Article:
Even more praise has been heaped on Alter's translation, The Five Books of Moses: A Translation with Commentary. Calling it a "landmark study," Library Journal contributor Charles Murray reported that what the scholar attempts here is to recapture the original meaning of the scriptures through his knowledge of "Hebrew's varied nuances." A combination of new translative interpretations and clarifying notes reveals to readers the literary skill employed by the authors of the Pentateuch to better convey their religious themes. Alan Jacobs, writing in First Things: A Monthly Journal of Religion and Public Life, provides several examples in his review of how The Five Books of Moses reworks biblical passages that, along with Alter's "wonderful" notes, provide new insights into the Bible. For example, Alter shows that in Exodus, Moses's use of the word "they" refers to the living Israelites, emphasizing that the Tabernacle and the Ark of the Covenant are for all the people of Israel and deemphasizing the action of God passing on His instructions just to Moses. Jacobs remarked: "As Alter's commentary notes, 'they' are the Israelites, so that the force of the passage is something like this: 'God has so taught Moses how to build the altar, and the people of Israel will carry it accordingly.' The King James Version doesn't quite get this, and assumes that that last clause means, 'so shall they make it.' But most modern translations—even including my favorite one, the recent English Standard Version—simply ignore the clause altogether." Declaring Alter's work "inspired," Jacobs goes on to conclude that The Five Books of Moses "is a translation-and-commentary that indeed shows the unfamiliar and often unexpected literary excellence of the Pentateuch. And because Alter (unlike Kierkegaard's Christian scholars) has no interest in 'protecting' us from the biblical text, his work also, however unwittingly, provides devotional encouragement to one who would read this text 'religiously.' Reading the edgy, rhythmical prose of Alter's translation, and consulting his tactful but richly woven commentary, such a reader comes away with a deepened sense of the providential care of the Lord for his Israel."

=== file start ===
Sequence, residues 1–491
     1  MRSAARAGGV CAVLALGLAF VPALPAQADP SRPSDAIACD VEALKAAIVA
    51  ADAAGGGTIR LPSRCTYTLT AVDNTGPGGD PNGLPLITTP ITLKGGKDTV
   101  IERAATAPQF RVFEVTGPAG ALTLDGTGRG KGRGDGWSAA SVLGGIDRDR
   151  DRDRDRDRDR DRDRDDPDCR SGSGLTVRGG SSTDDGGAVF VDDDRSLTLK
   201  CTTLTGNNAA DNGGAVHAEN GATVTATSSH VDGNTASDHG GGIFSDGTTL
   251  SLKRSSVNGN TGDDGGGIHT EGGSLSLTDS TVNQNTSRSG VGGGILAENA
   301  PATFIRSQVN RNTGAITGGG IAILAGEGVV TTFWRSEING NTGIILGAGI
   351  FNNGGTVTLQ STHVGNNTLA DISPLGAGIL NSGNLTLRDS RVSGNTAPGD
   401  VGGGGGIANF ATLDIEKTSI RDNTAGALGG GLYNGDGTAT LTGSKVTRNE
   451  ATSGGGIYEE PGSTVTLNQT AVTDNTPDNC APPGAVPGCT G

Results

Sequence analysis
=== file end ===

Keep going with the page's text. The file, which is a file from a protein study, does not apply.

Time critic Richard Lacayo called Alter "an officer in the culture war over the Western canon." Indeed, Alter—through his writings, talks, and membership in the Association of Literary Scholars and Critics—has sought to reverse trends toward a literary criticism that deconstructs texts in search of racial, political, and sexual prejudice. He also would like to see literary criticism conducted in a language that is accessible to all educated individuals, not merely high-level academics. Although Alter's primary goal has been to restore the Old Testament to its prominence in the Western canon, he has also written on the value of other pieces of literature from many different cultures. Some of these thoughts animate Canon and Creativity: Modern Writing and the Authority of Scripture, a selection of critical essays on biblical influence in modern literature. This work uses James Joyce's Ulysses, Franz Kafka's Amerika, and Haim Nahman Bialik's "The Dead of the Desert" as examples of works that incorporate biblical influences, not necessarily as tracts of religious faith but rather as seminal impulses in Western art. A Publishers Weekly reviewer praised Canon and Creativity for its "dazzling ability to interpret texts, both ancient and modern." Steven Schroeder contended in Booklist that the work "should make conversational space for creativity and the cultivation of continuity."